10. 10. idiosyncratic, experiential, contextual, and meaning laden iPod Zone
    11. 11. So how do we deal with that?
    12. 12. Option 1: Surrender
    13. 13. Option 2
    14. 14. Option 2: Break it down Service Design Idea Objects Behavior Belief – facts/figure Attitude - opinions Value – right/wrong/morals Physical Object Software / System No physical object One off / rare Ongoing / recurring / frequent
    15. 15. The Price Tag <ul><li>Time </li></ul><ul><li>How long will this take? </li></ul><ul><li>Effort </li></ul><ul><li>Energy in, Garbage Out </li></ul><ul><li>Workstyle </li></ul><ul><li>What does this do to the daily work routine? </li></ul><ul><li>Comfort </li></ul><ul><li>Out of routine error </li></ul><ul><li>Psyche </li></ul><ul><li>Sense of competence </li></ul><ul><li>Perceived risk </li></ul><ul><li>psychological risk </li></ul><ul><li>social risk </li></ul><ul><li>usage risk </li></ul><ul><li>physical risk </li></ul><ul><li>Money </li></ul><ul><li>down payments on success </li></ul><ul><li>extra coffee / training / beer </li></ul>
    16. 16. Bug checking the service delivery
    17. 17. Gaps Model of Service Quality <ul><li>Customer Gap: </li></ul><ul><ul><li>difference between customer expectations and perceptions </li></ul></ul><ul><li>Provider Gap 1 (The Knowledge Gap): </li></ul><ul><ul><li>not knowing what customers expect </li></ul></ul><ul><li>Provider Gap 2 (The Service Design & Standards Gap): </li></ul><ul><ul><li>not having the right service designs and standards </li></ul></ul><ul><li>Provider Gap 3 (The Service Performance Gap): </li></ul><ul><ul><li>not delivering to service standards </li></ul></ul><ul><li>Provider Gap 4 (The Communication Gap): </li></ul><ul><ul><li>not matching performance to promises </li></ul></ul>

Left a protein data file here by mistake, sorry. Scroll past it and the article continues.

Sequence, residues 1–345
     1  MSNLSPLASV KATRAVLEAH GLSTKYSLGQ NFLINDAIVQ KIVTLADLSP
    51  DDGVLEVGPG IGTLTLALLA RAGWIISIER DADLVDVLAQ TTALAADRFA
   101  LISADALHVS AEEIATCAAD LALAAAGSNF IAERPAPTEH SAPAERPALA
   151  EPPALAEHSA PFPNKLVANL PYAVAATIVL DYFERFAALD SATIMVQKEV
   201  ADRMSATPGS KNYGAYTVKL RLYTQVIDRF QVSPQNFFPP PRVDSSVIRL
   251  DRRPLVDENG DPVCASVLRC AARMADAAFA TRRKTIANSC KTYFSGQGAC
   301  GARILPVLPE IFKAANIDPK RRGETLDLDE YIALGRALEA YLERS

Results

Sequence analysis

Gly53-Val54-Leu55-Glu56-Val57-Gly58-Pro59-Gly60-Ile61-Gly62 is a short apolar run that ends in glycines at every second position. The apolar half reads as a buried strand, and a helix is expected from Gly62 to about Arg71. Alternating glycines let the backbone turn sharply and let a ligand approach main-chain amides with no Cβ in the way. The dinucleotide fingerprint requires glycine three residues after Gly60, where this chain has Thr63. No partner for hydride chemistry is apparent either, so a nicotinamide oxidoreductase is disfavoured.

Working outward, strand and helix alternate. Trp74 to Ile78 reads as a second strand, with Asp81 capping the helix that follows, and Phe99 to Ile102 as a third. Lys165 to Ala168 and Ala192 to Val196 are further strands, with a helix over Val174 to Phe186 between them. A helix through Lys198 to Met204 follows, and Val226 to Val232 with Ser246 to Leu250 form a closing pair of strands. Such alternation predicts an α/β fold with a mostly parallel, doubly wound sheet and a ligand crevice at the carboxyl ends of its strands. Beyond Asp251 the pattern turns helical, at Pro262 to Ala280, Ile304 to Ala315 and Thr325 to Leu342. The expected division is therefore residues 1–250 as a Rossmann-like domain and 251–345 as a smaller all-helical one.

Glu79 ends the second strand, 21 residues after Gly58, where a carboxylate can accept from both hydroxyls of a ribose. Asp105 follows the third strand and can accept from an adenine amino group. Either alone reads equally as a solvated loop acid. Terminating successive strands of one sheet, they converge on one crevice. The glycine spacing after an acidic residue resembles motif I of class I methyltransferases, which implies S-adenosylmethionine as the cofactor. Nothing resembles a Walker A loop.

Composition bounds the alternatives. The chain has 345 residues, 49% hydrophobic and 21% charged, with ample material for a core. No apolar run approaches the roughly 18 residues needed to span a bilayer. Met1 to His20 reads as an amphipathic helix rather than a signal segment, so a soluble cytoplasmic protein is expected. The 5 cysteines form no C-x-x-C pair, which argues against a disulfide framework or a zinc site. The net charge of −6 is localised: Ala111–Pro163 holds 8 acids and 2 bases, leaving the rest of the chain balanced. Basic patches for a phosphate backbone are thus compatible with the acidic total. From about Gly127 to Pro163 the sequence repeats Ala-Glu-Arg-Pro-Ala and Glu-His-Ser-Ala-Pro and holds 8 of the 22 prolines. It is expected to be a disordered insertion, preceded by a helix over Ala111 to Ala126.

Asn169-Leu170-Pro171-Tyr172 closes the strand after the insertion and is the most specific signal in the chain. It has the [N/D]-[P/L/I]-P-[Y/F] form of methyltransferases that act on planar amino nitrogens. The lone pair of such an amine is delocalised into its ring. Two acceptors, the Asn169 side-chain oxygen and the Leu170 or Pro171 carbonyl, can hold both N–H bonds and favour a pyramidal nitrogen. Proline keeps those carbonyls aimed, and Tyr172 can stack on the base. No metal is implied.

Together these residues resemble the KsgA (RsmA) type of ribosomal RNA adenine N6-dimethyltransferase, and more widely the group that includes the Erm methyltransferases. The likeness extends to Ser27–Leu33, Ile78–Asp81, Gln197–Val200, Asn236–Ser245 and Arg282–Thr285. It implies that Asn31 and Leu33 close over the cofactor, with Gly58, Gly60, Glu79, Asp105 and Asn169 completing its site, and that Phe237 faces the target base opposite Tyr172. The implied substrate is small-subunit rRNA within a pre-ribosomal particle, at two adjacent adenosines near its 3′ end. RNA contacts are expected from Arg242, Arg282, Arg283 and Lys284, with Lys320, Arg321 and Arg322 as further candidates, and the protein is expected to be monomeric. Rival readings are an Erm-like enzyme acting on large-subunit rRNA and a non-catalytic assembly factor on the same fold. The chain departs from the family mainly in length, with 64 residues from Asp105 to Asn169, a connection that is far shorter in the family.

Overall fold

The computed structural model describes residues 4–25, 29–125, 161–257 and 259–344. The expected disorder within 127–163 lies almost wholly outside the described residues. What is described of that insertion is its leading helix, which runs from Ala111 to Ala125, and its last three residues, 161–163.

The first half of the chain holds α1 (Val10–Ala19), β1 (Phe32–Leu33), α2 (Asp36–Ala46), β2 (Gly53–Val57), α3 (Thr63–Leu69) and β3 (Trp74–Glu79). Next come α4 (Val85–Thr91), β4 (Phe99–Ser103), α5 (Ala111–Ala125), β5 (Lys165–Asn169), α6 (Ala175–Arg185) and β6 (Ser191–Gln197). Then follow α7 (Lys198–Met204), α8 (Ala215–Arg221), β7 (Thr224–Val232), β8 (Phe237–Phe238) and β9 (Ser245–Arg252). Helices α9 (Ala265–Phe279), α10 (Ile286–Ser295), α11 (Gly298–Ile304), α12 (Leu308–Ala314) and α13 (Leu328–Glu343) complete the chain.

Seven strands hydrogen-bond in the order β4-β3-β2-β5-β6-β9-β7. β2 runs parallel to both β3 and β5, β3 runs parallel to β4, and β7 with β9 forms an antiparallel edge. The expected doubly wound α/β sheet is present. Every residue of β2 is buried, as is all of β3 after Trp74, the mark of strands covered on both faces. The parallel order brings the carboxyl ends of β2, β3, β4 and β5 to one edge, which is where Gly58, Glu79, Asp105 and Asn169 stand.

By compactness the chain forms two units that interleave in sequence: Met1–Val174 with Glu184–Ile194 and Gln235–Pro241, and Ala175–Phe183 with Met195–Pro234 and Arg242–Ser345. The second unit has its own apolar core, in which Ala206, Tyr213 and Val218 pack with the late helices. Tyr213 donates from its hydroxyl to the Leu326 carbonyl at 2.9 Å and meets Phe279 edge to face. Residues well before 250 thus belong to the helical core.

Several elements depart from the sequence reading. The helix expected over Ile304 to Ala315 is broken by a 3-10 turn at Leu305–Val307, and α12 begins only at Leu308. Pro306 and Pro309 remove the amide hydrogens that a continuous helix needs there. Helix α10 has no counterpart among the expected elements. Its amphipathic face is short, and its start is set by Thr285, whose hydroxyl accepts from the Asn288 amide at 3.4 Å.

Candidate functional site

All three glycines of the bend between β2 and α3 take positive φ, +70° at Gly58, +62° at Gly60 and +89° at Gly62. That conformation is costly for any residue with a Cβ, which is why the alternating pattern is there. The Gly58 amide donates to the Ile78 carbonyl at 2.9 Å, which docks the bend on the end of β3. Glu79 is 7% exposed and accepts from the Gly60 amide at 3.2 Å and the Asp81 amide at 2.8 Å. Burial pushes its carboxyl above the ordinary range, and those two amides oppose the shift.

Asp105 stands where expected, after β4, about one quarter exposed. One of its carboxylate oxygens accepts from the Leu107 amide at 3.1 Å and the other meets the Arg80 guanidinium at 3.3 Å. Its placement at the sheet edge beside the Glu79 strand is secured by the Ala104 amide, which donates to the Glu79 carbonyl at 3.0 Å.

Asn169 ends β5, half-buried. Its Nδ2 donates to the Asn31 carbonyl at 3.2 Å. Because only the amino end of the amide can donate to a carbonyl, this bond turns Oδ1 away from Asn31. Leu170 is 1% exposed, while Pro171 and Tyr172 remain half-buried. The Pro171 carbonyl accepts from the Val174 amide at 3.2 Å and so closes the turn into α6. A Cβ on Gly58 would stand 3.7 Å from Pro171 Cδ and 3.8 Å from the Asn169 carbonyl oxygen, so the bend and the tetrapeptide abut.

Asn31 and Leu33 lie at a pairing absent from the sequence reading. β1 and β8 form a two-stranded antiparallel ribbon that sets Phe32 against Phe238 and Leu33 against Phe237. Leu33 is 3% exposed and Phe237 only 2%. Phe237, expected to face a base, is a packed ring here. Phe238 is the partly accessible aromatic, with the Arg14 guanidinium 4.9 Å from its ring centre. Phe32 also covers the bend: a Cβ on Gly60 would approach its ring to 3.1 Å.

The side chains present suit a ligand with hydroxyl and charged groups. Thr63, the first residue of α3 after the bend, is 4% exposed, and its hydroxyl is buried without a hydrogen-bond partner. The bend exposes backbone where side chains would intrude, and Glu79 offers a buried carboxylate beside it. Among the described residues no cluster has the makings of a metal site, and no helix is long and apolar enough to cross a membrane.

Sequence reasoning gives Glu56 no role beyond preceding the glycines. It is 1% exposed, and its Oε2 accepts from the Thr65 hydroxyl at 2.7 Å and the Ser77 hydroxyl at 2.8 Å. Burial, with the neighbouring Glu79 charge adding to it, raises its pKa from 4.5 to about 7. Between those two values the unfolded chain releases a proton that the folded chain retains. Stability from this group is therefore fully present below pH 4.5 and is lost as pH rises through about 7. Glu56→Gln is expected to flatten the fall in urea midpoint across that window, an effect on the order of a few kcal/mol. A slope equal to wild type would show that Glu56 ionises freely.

18. 18. Gaps Model of Service Quality Zeithaml, M, Bitner, M J, Gremler D, (2008) Services Marketing, McGraw Hill Perceived Service Expected Service Them Us Expectation Gap Gap 1 Gap 2 Gap 3 External Communications Gap 4 Service Delivery User-Driven Service Designs and Standards Our Perceptions of their Expectations
    19. 19. Customer Gap End user Expectations End user Perceptions Customer Gap
    20. 20. Provider Gap 1 Customer Expectations Company Perceptions of Customer Expectations Gap 1
    21. 21. Provider Gap 2 Customer-Driven Service Designs and Standards Management Perceptions of Customer Expectations Gap 2
    22. 22. Provider Gap 3 Service Delivery Customer-Driven Service Designs and Standards Gap 3
    23. 23. Provider Gap 4 Service Delivery External Communications to Customers Gap 4
    24. 24. Wrapping it up Marketing is about the people Understand what they think you’re delivering Check the expectation matches the delivery
    25. 25. <ul><li>This work is licensed under the Creative Commons Attribution-Share Alike 2.5 Australia License. To view a copy of this license, visit </li></ul>Dr Stephen Dann School of Management, Marketing & International Business Australian National University @stephendann [email_address]